A Raisin in the Sun, is all about an African American family, fighting for a better life. The family lives in a low income neighborhood in south side of Chicago in the 1950s where the family face racial barriers and chasing their dreams. Walter Younger is an anti hero, a flawed character who does not have hero qualities, but the reader can easily, want Walter to live a successful life and do better. He makes up for his faults, making a hard choice.
Walter believes money is most important in life and becoming a rich man. Walter hopelessly needs to become a man for his wife and son, but in actuality everything in Act I challenge him. Walter tries to show dominance or manliness, but his family throws it back in his face. As a father, husband and a man, Walter believes he is responsible for providing for his family, because his father Walter Senior, is deceased. Walter gravely wants to be the man his father was, but his living conditions are a relentless reminder of his failure to live up to those responsibilities “I'm thirty five years old; I been married eleven years and I got a boy who sleeps in the living room….. And all I got to give him is stories about how rich white people live”().
Walter wants to become an entrepreneur, and invest in a liquor store. In actuality of him not being able to achieve his goals, makes Walter behave different towards his family. He becomes a mean, rude and egotistical young man. Who makes poor decisions, and ends up hurting his family. Walter thinks investing in a liquor store using their father's insurance money will fulfill him, and finally becoming financially stable. He has good intentions, but his actions are wrong. Walter is unable to realize his true potential simply because he is a young black man, not able to reach it because of racial factors that he can't control. “I want so many things that they are driving me crazy…. Sometimes it's like I can see the future stretched out in front of me…. Just waitin for me. But it don't have to be”(). The future is Walter's manhood, and he can see it in his dreams but it is worthless if his family cannot rely on him.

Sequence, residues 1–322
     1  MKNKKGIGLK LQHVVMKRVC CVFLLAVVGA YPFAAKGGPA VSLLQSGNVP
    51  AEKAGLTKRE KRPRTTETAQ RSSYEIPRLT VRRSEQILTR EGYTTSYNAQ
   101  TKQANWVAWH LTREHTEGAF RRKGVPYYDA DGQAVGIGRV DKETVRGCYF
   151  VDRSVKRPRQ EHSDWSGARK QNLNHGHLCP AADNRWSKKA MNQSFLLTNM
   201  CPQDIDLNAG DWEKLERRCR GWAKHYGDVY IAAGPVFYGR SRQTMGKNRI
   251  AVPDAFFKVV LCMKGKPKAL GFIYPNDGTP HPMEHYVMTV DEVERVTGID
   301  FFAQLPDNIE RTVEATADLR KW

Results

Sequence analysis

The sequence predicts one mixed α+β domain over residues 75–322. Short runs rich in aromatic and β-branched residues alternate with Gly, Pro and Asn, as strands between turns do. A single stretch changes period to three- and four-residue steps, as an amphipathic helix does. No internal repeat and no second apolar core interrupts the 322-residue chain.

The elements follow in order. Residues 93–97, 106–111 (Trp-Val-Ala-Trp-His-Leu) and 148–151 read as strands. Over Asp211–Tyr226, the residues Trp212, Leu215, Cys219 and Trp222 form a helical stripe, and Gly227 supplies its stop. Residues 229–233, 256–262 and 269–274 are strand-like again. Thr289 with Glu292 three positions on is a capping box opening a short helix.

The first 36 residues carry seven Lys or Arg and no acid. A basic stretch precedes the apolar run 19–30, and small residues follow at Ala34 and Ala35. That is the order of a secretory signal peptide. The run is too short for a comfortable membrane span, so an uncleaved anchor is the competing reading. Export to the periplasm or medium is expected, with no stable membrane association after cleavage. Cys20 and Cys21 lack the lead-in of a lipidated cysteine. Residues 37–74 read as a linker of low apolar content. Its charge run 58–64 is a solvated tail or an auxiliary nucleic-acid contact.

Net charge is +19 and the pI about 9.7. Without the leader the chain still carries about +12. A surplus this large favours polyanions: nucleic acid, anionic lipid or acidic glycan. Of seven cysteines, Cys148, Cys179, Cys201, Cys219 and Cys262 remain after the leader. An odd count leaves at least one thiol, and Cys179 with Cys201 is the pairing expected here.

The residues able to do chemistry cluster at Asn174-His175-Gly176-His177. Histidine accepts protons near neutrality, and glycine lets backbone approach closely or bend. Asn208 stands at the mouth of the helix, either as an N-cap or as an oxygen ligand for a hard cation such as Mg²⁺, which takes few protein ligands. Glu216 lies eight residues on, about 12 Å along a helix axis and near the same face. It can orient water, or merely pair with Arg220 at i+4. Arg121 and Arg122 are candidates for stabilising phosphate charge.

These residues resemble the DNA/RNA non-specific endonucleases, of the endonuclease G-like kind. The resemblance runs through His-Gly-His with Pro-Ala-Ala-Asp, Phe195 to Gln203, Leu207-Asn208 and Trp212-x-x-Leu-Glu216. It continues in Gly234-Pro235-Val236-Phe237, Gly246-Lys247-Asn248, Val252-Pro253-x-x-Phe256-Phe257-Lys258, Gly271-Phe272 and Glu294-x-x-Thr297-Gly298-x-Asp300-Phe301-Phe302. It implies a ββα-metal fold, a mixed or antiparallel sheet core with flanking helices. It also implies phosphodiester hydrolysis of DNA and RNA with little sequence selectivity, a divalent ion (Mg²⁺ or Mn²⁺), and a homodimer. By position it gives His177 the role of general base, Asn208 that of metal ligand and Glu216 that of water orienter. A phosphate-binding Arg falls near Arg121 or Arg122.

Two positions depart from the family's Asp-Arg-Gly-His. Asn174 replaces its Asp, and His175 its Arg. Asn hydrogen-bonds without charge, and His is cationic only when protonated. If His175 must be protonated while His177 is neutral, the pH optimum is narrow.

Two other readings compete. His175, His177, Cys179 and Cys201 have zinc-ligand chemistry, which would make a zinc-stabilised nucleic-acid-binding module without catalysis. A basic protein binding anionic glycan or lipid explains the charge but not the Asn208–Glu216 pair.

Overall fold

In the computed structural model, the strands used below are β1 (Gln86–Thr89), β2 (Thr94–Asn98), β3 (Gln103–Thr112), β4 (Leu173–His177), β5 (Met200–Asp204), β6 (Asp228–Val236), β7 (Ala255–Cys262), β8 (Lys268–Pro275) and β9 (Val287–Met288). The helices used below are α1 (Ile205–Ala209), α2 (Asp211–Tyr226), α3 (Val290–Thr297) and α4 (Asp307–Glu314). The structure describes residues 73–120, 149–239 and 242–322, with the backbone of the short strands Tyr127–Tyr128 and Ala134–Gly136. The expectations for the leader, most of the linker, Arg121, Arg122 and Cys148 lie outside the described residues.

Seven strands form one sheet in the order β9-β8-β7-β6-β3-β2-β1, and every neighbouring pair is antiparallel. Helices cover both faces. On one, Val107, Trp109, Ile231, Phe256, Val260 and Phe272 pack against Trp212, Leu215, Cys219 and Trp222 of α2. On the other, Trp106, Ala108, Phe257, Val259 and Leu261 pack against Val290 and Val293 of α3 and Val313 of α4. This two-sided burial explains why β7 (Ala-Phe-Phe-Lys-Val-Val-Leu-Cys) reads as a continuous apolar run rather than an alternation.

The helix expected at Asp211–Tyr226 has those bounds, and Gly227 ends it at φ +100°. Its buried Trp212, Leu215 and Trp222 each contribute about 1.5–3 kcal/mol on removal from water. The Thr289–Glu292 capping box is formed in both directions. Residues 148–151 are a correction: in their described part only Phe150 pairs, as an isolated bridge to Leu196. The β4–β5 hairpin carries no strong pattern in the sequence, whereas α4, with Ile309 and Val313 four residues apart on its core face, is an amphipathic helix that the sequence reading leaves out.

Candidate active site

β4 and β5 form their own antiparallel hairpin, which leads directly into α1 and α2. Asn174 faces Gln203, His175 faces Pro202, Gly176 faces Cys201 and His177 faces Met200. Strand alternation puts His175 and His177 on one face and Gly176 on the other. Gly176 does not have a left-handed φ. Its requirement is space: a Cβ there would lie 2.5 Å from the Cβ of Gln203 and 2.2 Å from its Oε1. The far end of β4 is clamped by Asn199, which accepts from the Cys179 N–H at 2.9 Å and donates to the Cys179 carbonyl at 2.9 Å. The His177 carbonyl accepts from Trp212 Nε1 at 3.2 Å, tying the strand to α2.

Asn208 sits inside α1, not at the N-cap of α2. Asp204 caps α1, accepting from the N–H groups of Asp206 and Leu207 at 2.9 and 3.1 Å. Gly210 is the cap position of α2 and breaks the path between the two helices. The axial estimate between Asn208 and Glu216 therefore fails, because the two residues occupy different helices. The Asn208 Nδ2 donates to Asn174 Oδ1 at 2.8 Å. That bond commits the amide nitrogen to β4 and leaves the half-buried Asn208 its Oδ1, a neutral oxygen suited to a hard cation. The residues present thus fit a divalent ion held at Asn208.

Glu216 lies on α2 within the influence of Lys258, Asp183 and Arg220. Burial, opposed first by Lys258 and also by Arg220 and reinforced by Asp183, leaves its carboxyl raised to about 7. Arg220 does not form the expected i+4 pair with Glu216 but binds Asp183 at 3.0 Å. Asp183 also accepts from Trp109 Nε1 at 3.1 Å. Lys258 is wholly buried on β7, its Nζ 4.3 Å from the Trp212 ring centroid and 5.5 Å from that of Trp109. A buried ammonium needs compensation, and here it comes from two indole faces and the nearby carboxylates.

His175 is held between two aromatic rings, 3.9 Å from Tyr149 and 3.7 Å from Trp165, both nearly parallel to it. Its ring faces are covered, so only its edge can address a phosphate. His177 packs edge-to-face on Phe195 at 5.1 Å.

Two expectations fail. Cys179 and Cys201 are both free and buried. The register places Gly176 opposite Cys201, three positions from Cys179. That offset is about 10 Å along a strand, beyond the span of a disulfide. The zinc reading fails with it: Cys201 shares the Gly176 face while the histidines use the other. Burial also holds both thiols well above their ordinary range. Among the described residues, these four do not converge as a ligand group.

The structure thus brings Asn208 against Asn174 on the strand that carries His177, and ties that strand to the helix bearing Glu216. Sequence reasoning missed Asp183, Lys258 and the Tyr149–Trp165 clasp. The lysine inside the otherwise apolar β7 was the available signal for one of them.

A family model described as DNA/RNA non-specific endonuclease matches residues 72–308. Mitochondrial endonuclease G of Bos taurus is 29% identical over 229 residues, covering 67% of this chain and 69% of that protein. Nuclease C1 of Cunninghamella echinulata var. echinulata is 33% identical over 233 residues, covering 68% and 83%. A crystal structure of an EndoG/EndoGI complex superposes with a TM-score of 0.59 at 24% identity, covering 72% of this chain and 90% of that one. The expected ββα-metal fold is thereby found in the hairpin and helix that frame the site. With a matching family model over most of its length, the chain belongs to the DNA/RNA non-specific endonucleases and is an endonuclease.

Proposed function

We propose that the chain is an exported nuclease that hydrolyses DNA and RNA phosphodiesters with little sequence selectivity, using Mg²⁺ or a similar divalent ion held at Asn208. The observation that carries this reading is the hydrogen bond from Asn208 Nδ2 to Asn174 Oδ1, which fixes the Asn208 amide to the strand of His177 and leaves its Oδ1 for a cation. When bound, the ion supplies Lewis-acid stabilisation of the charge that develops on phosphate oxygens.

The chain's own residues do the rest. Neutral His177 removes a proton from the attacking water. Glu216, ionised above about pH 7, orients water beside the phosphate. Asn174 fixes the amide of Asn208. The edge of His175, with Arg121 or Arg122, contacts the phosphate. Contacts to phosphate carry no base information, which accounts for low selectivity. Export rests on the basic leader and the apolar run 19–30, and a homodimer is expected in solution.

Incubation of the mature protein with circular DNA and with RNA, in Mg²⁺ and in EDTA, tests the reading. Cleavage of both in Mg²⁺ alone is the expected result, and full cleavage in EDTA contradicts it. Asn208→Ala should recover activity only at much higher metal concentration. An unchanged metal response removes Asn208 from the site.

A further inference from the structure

Walter's outlook on life is different from Ruth's, which is “tempered by a pragmatic realism that can be ascribed to her triply bound position as a poor, black women”(). Walter can not see beyond his ambition, making it hard for him to realize the difficulty of Ruth's oppression, “We one group of men tied to a race of women with small minds!”(). He thinks Ruth does not want him to succeed, and that causes him distress, because society wants him to be a failure, “Man say to his woman: I got me a dream. His woman say: Eat your eggs…. Man say: I got to change my life, I'm choking to death, baby! And his woman say: Your eggs is getting cold!”().
Walter talks down on Beneatha's career choice, because she dreams of becoming a doctor. He says “Ain't many girls who decide to be a doctor”(). He even claims, that spending the money on Beneatha's education, is useless. And his wife would be wealthy and happy if Beneatha did not attend college. Walter dismisses Beneatha's dreams, but wants his family to support his dreams, and selfishly wants all of the insurance money. So he can do what he wants with it..
Walter Lee gives Willy Harris all of his fathers insurance money and it fails with a cruel irony. Willy runs off with the money, denying Walter of his chance to help his family in the white dominated society, and stripping him of his manhood once again. Although Walter loses all the money, even Beneatha's school tuition. He tries to redeem himself, but comes up with a horrible solution, to sell his pride for money. “That white man is going to walk in that do able to write checks for more money than we ever had. It's important to him and I'm going to help him…….I'm going to put on the show Mama”(). Mama is extremely disappointed with Walter, so she tells him to look at his son, Travis in the eyes and tell him he was going to sell the house.
Walter wants to be accountable and show his family that he can step up and be a man. Walter has to correct his mistakes, because it would be his last chance to reach his manhood. In the last scenes, Walter has to speak for the family, and I feel he is speaking for all African Americans as a whole, “We are proud people”(). Walter tells Mr. Linder that his family will not yield to the threats of racial violence, and that they will move into their new home on Clybourne Street because their father earned it. “finally come into his manhood today his manhood today, didn't he? Kind of like a rainbow after the rain”() he finally establishes a sense of authority, and takes the role as the family leader.
Walter can not see beyond his aspiration of being a wealthy man, even if it means letting his pride go. In the beginning of the play he was a greedy, clueless and bitter man who only cared about himself and his own dream. Walter Lee made a lot of mistakes throughout the play, but readers can still find a way to sympathize with him. And want him to prove himself as a man. Walter symbolizes as an anti hero, he is flawed but sympathetic character.
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